Hipmunk on the Make: The First-Birthday Interview

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getting people to buy flights and hoping they end up booking a hotel at the same time.

X: Was it part of your original business plan to offer hotel search, or did you add that after you realized how lucrative it was?

AG: Before we launched, I don’t think we fully understood the business model. We just knew that if flights worked out, it was a natural next step for us. But the path we’re taking is a pretty well-worn one—you start with flights and then hotels, and then cars and packages and local deals.

X: With your flight search, you’re known primarily for the distinctive visual way you present flight options. Your hotel search is also very visual, with an emphasis on maps and a hotel’s proximity to various attractions. How did you decide what the “Hipmunk style” was going to be when it came to hotel search?

AG: The inspiration came from our own way of thinking about searching for hotels. We think in different ways depending on the purpose of the trip. When I’m traveling for business I have a very different way of thinking than when I’m traveling for vacation. Our first version [of hotel search] was very much built around the leisure traveler. It was built to show the interesting parts of a city; it answered the question “just tell me where I should stay.” But as I traveled more for work, I realized that specific geography mattered a lot too. If I have a particular place I need to be in a city, I need to know what hotels are nearby. So we have rolled out a bunch of features to facilitate that kind of searching. We give you a little flag that you can drag around to whatever point you want, and it will sort the options by distance in real time. That’s parallel to the “time sliders” in our flight search, which let you say “I can’t leave before this time or after this time.”

X: Before this interview you mentioned that your mobile apps have been getting a lot of uptake.

AG: This has been one of the other highlights of the year, that we were able to port the Hipmunk experience from the Web and make it more useful on a mobile phone or tablet. There are two ways you might be searching for a flight. One is sitting down in advance and checking the airfares and seeing if there’s a reasonable flight. The other is that you’re at the airport and your flight got canceled and you need to find a new one right now. So the immediate value of using Hipmunk on your iPhone or iPad is solving what’s almost a bigger pain point.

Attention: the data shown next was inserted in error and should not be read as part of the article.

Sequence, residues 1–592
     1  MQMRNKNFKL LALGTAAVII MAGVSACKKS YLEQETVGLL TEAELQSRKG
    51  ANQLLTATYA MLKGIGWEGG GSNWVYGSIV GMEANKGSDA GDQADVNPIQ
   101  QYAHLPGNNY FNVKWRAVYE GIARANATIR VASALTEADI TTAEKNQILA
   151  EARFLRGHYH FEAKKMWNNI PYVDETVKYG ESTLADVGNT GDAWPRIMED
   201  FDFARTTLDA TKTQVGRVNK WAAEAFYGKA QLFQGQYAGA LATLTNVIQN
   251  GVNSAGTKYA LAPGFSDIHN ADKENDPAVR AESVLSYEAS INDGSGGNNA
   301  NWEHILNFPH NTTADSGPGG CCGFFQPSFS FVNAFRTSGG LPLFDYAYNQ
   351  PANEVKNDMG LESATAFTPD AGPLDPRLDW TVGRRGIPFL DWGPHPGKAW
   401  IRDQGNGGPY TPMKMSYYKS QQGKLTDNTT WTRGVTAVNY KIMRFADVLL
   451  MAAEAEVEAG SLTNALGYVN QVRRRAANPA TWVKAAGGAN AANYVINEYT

X: Do you think mobile usage of Hipmunk could eventually overtake desktop Web usage?

AG: It’s an interesting question. We are kind of hedging our bets. I do think we are nowhere near the equilibrium point. If it’s getting to the point that 90 percent of our users are mobile, then the only sensible thing to do will be to divert our development resources and say the desktop just isn’t where it’s at anymore. But I think there are certain things you can do on the website that the mobile app experience just can’t compete with, and those tend to be the quick-turnaround features like the flag on the map that are fairly involved if you want to do them in a native app.

X: You mentioned rental car search and vacation package search—is that where you’re going next?

AG: I think if we wanted to roll out cars and vacation packages, we could easily do it this year. But we wanted to take a break after doing a big project [i.e. hotel search] and make sure it’s at the level of usefulness that our brand stands for before we … Next Page »

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Wade Roush is the producer and host of the podcast Soonish and a contributing editor at Xconomy. Follow @soonishpodcast

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